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Presumably everyone in the English-speaking world knows of Alice in Wonderland and thus of Lewis Carroll. But if you have never read the books themselves, or have not been back to them for a long time, these few notes may be useful.
With Carroll, there is a massive temptation to get sidetracked discussing the man rather than the works—for he was a thoroughly interesting person—but that is not to our purpose here, nor is a recounting of how the stories came to be (a familiar tale anyway), interesting as that too is. So I will stick to the books and, as always, will write as if you were not familiar with them.
Alice is so well-known an image that it is easy to forget that she is given to us in two quite distinct books, not a single “Wonderland” book. The original, the one that established her and Carroll’s fame, was Alice’s Adventures in Wonderland; the successor, like and yet very unlike, was Through the Looking Glass and what Alice found there. A great number of the best-liked and best-remembered “Alice” images, which too many people vaguely associate with Wonderland, are actually from Looking-Glass Land: Humpty Dumpty, Tweedledum and Tweedledee, The Walrus and the Carpenter, plus the White Knight, the Red Queen and all the chess-piece characters.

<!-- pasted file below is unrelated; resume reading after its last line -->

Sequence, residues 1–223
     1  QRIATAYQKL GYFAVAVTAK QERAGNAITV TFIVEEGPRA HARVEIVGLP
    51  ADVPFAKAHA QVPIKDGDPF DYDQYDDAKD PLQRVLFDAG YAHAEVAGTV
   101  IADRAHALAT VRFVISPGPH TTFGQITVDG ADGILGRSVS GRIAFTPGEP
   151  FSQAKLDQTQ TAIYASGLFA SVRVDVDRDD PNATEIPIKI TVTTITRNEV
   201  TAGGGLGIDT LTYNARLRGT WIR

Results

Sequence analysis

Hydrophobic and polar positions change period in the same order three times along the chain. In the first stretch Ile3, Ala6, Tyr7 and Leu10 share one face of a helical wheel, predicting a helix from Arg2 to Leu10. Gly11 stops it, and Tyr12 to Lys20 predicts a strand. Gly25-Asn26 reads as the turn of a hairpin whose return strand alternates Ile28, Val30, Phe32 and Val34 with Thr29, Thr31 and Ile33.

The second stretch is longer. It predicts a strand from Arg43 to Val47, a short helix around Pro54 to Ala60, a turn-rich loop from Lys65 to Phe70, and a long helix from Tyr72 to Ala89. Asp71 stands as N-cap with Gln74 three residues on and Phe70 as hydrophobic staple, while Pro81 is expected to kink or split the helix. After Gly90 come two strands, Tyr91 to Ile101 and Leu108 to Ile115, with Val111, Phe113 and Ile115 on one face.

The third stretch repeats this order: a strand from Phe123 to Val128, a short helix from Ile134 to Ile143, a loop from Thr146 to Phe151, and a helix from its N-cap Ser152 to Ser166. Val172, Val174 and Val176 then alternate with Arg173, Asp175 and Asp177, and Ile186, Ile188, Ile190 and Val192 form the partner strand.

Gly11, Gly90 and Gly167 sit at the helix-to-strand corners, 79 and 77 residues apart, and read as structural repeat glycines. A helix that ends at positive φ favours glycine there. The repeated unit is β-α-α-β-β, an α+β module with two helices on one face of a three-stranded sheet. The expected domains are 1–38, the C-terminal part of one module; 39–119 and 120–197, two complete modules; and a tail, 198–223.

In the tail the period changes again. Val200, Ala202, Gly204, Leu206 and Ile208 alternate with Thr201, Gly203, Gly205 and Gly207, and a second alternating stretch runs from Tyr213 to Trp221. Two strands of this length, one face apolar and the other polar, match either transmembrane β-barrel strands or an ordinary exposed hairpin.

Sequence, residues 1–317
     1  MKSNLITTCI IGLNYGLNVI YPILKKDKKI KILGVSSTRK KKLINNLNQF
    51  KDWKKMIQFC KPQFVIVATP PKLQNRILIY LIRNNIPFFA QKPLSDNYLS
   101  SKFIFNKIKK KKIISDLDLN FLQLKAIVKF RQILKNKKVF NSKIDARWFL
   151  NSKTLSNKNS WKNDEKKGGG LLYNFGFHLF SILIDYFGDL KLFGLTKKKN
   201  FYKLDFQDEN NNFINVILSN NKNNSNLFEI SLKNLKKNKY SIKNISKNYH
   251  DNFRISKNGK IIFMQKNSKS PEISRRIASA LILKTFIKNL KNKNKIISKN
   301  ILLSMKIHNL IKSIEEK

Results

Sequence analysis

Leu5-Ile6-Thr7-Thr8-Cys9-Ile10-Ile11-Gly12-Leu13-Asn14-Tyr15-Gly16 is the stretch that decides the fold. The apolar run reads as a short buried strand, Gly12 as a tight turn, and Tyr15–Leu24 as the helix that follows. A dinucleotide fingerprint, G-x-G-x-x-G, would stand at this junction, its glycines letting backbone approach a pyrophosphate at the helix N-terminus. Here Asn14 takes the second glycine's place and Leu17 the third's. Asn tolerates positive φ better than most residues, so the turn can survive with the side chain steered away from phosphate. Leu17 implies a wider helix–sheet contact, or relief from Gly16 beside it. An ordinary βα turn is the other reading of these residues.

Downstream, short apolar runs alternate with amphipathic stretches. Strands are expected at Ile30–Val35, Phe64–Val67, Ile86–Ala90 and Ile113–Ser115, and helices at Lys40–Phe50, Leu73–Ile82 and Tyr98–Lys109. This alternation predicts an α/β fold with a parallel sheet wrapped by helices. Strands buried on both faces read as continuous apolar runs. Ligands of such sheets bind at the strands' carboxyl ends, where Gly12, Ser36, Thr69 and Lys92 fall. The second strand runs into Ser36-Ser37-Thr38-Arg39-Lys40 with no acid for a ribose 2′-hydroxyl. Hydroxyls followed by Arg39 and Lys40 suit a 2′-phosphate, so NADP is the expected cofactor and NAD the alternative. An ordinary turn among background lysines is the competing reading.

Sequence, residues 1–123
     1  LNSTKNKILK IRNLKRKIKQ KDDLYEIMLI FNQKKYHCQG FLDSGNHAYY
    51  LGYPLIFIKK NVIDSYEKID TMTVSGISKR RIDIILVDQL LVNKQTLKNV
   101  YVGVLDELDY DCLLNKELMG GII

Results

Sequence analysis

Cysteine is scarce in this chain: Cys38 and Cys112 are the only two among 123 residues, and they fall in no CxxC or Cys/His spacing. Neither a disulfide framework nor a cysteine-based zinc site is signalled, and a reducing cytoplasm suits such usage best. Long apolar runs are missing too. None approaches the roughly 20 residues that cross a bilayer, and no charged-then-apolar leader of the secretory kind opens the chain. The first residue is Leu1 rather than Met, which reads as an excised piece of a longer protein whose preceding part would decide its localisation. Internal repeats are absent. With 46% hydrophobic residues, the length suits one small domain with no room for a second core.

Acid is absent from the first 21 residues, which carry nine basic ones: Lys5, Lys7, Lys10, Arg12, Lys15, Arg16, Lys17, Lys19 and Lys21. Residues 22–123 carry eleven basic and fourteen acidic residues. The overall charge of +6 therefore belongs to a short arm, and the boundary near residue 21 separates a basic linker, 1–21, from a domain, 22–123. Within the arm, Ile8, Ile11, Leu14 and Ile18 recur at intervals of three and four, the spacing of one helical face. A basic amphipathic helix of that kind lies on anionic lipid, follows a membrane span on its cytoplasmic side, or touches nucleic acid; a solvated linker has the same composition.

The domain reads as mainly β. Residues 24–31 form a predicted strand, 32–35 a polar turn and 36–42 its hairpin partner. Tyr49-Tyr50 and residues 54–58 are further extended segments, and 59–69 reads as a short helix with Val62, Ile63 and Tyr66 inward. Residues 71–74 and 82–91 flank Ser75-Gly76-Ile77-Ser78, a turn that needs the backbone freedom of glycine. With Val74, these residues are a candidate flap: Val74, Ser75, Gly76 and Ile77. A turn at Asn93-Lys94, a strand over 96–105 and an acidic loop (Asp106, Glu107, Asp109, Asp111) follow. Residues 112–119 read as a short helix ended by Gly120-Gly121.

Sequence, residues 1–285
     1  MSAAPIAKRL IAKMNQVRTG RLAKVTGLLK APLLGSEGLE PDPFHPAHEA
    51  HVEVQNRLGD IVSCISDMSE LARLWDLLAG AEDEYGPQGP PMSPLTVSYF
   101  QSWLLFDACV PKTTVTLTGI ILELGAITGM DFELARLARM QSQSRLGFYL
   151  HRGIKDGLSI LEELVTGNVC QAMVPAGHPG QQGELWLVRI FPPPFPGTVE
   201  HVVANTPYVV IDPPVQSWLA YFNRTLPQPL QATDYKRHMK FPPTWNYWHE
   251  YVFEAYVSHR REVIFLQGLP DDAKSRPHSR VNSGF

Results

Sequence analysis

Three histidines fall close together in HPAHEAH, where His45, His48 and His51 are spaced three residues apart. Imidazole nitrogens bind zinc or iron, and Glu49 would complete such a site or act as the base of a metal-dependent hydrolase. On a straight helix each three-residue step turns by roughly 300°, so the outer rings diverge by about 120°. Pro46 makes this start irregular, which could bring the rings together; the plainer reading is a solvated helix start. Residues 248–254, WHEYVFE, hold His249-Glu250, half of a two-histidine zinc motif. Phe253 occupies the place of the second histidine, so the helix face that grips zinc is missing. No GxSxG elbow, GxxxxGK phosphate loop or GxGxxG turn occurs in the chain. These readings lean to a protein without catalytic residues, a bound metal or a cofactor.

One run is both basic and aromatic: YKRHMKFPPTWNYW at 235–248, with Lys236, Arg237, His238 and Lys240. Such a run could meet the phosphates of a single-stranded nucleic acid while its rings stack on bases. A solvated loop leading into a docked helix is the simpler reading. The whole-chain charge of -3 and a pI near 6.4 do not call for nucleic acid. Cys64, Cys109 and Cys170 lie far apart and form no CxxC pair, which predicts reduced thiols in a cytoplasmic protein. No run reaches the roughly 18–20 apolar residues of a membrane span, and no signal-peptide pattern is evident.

Perhaps the single most important thing to convey about such well-established works is that there is a great deal more in them than what they are too commonly taken for, which is sheer delightful nonsense. There is no harm, and often great good, in sheer delightful nonsense, as L. Frank Baum’s Oz books demonstrate in excelsis; but neither is there harm, and often even greater good, in apparent nonsense that turns out to have a wonderfully clever sense to it after all.
Much of the cleverness of the Alice books is now invisible, owing mainly to two causes: one, what we now call “in” jokes—for many of the references you need to be English, for a fair part of those you specifically need to be from Oxford, and for even a good part of those you need to have been in Carroll’s immediate circle of friends—and two, the passage of time, in that so much has changed since Carroll’s day that what were once obvious, commonplace references (not just words and phrases but poems and even political affairs) are now obscure or simply meaningless. There is no remedy for those problems save knowledge gleaned from relevant investigation, which is why I so strenuously recommend Martin Gardner’s edition of the two books, published as The Definitive Annotated Alice, in which much that would otherwise be obscure is made clear.